The interview does not reveal whether she would have done this to save her own or her government’s reputation. But it is difficult to avoid the conclusion that she didn’t – and perhaps still doesn’t – think that his offences were serious enough to arrest him for. And it’s statements like these that reveal, however inadvertently, the climate of impunity that surrounded Savile. It wasn’t just that he was rich and famous – qualities that tend to turn far more intelligent people than Currie goggle-eyed.
What this horrendous case suggests, like so many other high-profile paedophile episodes in recent years, is that once you rise above a certain level of power, fame or wealth in British society, you will have a very good chance of being able to get away with abusing vulnerable children at will, secure in the knowledge that you are surrounded and protected by people who have no interest in or concern with anyone less rich, powerful or famous than you are and will ignore what you do or even cover it up when necessary.
In Savile’s case, this zone of impunity crucially included the police, particularly in his stamping ground of West Yorkshire. In 2013, a retired Leeds police officer told the Telegraph how he had once reported an incident involving Savile and a minor, only to be told: ‘Shut up, son. He’s got friends in high places.’
Savile carefully cultivated a circle of active and retired Leeds police officers, some of whom were members of his ‘Friday morning club’ where he held court at his penthouse flat. One of them was Mick Starkey, a now-retired police officer who acted as Savile’s chauffeur, and who is under investigation by the Independent Police Complaints Commission (IPCC) for his alleged involvement in facilitating the ‘soft’ interrogation that Savile received from Surrey police in 2009.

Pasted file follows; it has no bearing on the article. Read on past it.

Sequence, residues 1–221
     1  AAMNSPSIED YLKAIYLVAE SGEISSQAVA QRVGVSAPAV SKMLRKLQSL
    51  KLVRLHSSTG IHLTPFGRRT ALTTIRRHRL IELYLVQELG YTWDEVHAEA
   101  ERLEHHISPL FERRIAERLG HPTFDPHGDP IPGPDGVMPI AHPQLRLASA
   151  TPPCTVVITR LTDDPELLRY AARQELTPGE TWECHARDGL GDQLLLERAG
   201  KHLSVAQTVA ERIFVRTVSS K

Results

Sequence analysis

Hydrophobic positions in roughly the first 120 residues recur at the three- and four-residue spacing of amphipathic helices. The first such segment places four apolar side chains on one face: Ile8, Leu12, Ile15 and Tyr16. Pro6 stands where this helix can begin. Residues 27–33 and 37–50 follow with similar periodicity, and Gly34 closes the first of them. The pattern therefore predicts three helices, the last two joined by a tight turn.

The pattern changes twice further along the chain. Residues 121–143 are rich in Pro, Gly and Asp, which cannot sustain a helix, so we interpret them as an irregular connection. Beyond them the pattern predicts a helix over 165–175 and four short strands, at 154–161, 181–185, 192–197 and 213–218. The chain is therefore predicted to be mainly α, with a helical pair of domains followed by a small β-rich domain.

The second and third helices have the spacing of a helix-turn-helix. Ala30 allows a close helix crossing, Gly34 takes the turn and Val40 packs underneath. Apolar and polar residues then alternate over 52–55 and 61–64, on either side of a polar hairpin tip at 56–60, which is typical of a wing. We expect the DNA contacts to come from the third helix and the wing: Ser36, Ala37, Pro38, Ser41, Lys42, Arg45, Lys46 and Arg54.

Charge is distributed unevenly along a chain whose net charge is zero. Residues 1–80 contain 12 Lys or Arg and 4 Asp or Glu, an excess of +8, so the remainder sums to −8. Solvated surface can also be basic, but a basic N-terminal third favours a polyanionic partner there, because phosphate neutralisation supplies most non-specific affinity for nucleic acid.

The fact that an active police inspector was acting as the chauffeur and minder of a man now known to be a psycopathic sexual predator ought to raise a number of eyebrows, at the very least, about the cosy relationship that Savile enjoyed with the police and the reasons for it.
Perhaps the IPCC report will shed some light on the matter, but then again maybe not, because we are talking about a weak institution that a parliamentary investigation into the death of Ian Tomlinson at the hands of the Met, concluded ‘has neither the powers nor the resources that it needs to get to the truth when the integrity of the police is in doubt.’
The integrity of the West Yorkshire Police is most certainly in doubt over this particular episode, as is the integrity of so many institutions that protected Savile. But no one should ever underestimate the ability of the British establishment to exonerate and find excuses for itself – particularly in a case as vile as this one in which so many high-profile reputations run the risk of being tarnished.
Few people can be surprised by the fact that a 2013 investigation by West Yorkshire Police concluded that Savile’s contacts with police had not protected him from arrest or prosecution. That may or may not be true, but the police cannot be the ones who decide the matter, and a society that lets this one go without a full investigation is not only paving the way for more Saviles in the future – it is also doing a grave injustice to the people whose lives he wrecked.